Bengaluru women are going to set up a display of 10,000 clothes – the clothes they were wearing when they got molested.
After the recent attacks on women on New Year’s Eve and a minister who made ridiculous statements of how western clothes lead to molestation, the city is now looking to make itself a safer space, as reported by The New Indian Express.
Jasmeen Patheja, founder of Blank Noise has been collecting the clothes women wore when they were harassed, to put up the display.
The only thing provoking, enabling a perpetrator is his entitlement. Too many, men have been raised to think this is the way to behave, that this is fun. That this was ‘just teasing’. This attitude affirmed, especially when we have leaders saying things like “it happens” by dismissing it off its seriousness or blaming women, their clothes, bodies, mobility, freedom.
Jasmeen’s online exhibition is aptly titled, ‘I Never Ask For It’ and is obviously unhappy with the “these things happen, the people on the streets were almost like westerners” comments by Home Minister G Parmeshwar.
Blaming youth, West, clothes, women, reveals a lack of taking ownership and responsibility. When violence is normalised, it is accepted. This itself is a problem. Every person – citizen, leader, politician, police, stranger – has the ability, capacity and potential to build a safe and inclusive space. We want our elected ministers to respond with that intention and urgency.Jasmeen Patheja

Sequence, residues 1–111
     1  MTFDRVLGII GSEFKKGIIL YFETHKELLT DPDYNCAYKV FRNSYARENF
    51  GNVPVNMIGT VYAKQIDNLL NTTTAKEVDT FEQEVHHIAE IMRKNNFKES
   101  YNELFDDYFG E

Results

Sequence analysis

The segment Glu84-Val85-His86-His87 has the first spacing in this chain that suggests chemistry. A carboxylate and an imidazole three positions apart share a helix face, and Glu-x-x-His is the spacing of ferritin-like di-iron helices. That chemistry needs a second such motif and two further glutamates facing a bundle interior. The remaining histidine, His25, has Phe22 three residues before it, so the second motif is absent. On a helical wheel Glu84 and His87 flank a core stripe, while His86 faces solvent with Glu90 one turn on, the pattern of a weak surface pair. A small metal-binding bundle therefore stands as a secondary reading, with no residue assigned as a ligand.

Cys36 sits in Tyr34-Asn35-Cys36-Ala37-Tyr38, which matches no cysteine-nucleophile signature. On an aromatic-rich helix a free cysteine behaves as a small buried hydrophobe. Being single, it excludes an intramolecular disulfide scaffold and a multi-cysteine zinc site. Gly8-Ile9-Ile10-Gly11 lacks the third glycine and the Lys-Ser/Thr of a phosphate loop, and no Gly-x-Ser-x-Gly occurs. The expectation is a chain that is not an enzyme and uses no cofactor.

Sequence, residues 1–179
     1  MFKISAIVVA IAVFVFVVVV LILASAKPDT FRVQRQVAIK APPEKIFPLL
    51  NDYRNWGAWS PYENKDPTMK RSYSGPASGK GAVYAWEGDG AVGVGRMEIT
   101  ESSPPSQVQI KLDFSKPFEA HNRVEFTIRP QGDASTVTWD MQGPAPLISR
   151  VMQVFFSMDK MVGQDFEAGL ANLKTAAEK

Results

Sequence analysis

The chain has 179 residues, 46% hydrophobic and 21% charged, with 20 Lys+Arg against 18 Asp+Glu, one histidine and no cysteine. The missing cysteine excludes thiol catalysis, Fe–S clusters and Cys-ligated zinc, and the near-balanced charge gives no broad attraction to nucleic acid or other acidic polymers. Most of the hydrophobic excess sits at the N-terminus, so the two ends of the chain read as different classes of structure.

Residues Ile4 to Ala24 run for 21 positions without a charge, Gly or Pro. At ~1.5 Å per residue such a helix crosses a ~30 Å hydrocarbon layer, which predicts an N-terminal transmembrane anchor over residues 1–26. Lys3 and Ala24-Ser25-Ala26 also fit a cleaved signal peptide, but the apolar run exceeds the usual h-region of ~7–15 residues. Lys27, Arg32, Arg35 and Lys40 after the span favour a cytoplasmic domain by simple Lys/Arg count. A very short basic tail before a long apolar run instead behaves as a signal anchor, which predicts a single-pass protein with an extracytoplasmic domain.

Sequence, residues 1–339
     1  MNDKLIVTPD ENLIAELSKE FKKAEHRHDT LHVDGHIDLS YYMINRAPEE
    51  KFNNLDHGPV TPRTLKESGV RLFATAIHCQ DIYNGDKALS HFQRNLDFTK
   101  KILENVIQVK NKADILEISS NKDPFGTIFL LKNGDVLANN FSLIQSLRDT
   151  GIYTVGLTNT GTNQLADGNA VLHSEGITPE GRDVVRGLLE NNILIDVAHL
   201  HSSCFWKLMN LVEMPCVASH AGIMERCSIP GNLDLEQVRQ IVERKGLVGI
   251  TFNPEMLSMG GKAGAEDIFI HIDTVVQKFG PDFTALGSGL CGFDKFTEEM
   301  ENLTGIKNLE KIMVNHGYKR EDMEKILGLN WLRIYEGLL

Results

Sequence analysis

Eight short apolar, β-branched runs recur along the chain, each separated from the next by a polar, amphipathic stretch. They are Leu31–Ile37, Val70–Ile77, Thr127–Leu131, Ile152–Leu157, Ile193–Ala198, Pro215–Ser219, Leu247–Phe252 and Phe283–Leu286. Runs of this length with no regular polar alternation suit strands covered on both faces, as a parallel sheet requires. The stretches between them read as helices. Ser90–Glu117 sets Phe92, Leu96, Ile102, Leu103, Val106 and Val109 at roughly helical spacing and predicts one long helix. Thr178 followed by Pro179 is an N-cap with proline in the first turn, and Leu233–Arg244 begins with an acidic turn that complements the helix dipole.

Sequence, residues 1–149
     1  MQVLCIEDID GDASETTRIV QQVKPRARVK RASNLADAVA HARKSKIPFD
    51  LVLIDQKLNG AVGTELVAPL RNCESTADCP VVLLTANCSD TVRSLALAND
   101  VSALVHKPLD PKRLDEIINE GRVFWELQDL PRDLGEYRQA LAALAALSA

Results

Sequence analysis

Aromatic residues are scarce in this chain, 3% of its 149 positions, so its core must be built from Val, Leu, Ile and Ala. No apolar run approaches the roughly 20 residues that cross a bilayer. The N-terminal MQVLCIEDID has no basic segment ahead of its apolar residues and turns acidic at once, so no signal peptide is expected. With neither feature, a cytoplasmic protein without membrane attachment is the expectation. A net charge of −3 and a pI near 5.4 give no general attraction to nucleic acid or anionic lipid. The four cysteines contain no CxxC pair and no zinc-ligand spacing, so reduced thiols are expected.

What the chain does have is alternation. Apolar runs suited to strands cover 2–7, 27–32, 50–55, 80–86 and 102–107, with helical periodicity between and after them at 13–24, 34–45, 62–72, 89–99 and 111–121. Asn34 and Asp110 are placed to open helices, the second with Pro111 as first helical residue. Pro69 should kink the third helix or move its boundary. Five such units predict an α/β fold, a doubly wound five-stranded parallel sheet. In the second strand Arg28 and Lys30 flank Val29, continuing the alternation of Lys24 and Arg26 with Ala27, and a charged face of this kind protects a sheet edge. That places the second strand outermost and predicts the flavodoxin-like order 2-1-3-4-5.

Blank Noise is a community project that’s running in nine cities and is working towards tackling street harassment and initiating a number of projects since its inception in 2003.
‘I Never Ask For It’ is a five-year committment built and led by public participation to end victim blaming. Their aim is to put up 10,000 pieces of garments on display by 2019.
Most women and girls in Bengaluru and across the world can also recall the clothes they wore when they experienced any form of sexual violence. This holds mirror to the environment of victim blame; that which has long justified, excused and perpetuated sexual violence.Jasmeen Patheja
Patheja observed that women in India don’t report experiences of sexual violence out of the fear of being judged, blamed and shamed. When they do open up about it, the most common response is asking them about what they were wearing.